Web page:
In this touchNEUROLOGY interview, editorial board member Prof Peter Goadsby (King’s college Hospital, London) highlights two presentations from the annual European Academy of Neurology (EAN), July 1–4, 2023, in the field of migraine; the first by Klein et al. looking at a new potential biomarker of visual snow syndrome, and the second a presentation that he worked on looking at clinical predictors of cranial autonomic symptoms in patients with chronic migraine.
Disclosures: Peter Goadsby has received consultant fees from: Aeon Biopharma, Abbvie, Amgen, CoolTech LLC, Epalex, Eli Lilly, GlaxoSmithKline, Gerson Lehrman Group, Guidepoint, Tremeau, Lundbeck, Novartis, Pfizer, Praxis, SAI Med Partners, Sanofi, Satsuma, Shiratronics, Teva Pharmaceuticals and Vector Metric. He has received royalties or licenses from Massachusetts Medical Society, Oxford University Press, UptoDate and Wolters Kluwer. He has received grant/research support from Celgene and honoraria/honorarium from CME Outfitters. He is a member of the advisory board for Aeon Biopharma, and discloses a leadership or fiduciary role in other board, society, committee or advocacy group, paid or unpaid with: American Headache Society,
Migraine Trust and Organisation for Understanding Cluster Headache (UK).
Support: Interview and filming was supported by Touch Medical Media. The interview was conducted by Sophie Nickelson.
Filmed as highlight of EAN 2023.
Hi. Peter Goadsby. I’m at the European Academy of Neurology here in Budapest. And I’m going to talk about three areas that have caught my attention.
I thought that is a paper by Klein and Schankin and others looking at visual snow syndrome. What they did was EEG, they looked at the alpha-rhythm power using fast Fourier transformation, and showed that if they compared visual snow patients that didn’t have migraine with controls, there was a difference in the alpha power. That’s still early days, but it shows there may be a signature for visual snow that we could use as a biomarker moving forward for treatment, and that’s quite exciting because, really, that’s an area where there aren’t any useful treatments. And lastly, they studied pure physiology, physiology with a clinical translation.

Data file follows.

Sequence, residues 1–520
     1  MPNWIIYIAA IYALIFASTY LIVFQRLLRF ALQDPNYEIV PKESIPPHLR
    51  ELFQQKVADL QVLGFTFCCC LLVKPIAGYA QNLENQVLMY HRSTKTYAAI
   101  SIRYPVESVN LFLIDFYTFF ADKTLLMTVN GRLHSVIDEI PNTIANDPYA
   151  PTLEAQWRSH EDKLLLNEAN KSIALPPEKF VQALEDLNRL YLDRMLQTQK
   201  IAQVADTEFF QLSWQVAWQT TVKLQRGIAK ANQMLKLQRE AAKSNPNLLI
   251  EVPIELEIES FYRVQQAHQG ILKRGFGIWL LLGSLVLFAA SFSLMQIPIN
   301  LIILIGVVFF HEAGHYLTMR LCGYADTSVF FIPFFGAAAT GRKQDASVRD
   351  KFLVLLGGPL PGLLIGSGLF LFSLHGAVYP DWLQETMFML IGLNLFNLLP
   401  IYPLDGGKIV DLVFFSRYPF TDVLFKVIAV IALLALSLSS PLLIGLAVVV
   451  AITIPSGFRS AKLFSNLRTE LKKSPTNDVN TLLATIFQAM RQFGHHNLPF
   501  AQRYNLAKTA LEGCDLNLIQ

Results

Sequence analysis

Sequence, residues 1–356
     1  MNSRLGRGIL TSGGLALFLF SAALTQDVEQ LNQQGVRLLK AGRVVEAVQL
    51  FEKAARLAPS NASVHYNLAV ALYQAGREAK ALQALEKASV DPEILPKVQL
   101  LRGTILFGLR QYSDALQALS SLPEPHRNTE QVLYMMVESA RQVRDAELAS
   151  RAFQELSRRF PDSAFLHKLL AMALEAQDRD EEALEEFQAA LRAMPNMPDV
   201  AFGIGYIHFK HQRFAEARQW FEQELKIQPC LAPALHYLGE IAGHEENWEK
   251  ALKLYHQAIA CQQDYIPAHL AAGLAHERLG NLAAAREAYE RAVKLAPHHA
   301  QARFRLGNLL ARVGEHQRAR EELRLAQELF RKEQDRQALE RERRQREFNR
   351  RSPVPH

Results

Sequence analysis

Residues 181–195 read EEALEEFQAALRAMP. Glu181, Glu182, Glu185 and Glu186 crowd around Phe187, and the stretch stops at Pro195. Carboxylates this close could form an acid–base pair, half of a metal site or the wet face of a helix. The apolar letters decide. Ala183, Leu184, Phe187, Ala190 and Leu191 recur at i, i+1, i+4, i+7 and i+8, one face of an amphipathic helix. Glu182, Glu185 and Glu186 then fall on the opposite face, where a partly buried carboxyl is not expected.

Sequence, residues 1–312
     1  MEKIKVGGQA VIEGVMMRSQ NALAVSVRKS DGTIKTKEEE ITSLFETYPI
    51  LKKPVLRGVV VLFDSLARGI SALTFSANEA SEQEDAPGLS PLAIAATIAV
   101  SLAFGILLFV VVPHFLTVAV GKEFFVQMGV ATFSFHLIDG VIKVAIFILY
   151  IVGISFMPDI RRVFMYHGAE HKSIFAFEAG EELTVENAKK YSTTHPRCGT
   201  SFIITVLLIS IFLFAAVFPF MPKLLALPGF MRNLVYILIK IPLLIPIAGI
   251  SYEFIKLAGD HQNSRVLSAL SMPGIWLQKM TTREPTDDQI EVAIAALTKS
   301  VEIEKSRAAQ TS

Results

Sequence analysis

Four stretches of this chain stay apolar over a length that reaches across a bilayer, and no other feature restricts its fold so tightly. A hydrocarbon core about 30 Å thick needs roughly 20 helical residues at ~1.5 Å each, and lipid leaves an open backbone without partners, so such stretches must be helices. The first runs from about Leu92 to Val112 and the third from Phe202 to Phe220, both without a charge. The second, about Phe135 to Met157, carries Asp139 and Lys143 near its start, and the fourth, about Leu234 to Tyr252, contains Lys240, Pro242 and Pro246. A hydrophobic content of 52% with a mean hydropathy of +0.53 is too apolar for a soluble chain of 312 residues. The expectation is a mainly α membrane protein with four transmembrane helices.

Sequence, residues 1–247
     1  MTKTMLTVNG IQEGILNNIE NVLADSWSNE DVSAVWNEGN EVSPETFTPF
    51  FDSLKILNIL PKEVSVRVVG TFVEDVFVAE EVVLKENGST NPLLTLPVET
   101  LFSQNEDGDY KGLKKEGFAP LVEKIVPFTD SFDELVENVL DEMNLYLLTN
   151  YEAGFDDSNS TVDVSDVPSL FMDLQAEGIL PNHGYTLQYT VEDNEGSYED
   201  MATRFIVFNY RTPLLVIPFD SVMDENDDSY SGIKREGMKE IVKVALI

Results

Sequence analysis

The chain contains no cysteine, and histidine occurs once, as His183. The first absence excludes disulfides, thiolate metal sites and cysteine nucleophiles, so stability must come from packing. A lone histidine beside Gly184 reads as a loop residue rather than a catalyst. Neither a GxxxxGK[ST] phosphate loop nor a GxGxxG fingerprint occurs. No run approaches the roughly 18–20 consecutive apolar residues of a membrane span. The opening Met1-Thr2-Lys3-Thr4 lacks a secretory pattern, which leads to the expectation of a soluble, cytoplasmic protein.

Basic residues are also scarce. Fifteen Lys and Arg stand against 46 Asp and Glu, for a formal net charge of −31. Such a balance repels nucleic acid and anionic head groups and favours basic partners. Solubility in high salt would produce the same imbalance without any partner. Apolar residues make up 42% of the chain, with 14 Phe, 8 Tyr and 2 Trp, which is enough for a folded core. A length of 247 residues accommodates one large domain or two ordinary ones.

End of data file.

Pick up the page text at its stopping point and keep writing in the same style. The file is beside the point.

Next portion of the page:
Dr Villar Martinez and myself, we looked at more than 400 patients at the prevalence of cranial autonomic symptoms like lacrimation, conjunctival injection, nasal congestion, which actually occurs to some extent in about three quarters of migraine patients. Most of us think about it in terms of cluster, but it’s interesting that they’re in migraine patients. And what predicted their presence? What predicted their presence was aura. Now when you think about it physiologically, aura offers a threat to the brain, brain blood flow, and it’s probable that these systems in cranial autonomic outflow and indeed the whole trigeminal autonomic system is a protective system. So it’s perhaps unsurprising that aura would be more likely to trigger those symptoms than migraine without aura. And it tells us that the underlying pathophysiology of migraine involves disturbance of what are quite fundamental mechanisms in the brain. Of course, as we understand, and we understand migraine better, I think we understand many other aspects of neurology, including potential understanding for stroke.
So, an exciting meeting. I get a buzz for what’s happening in migraine, and I hope you enjoy looking at those questions.
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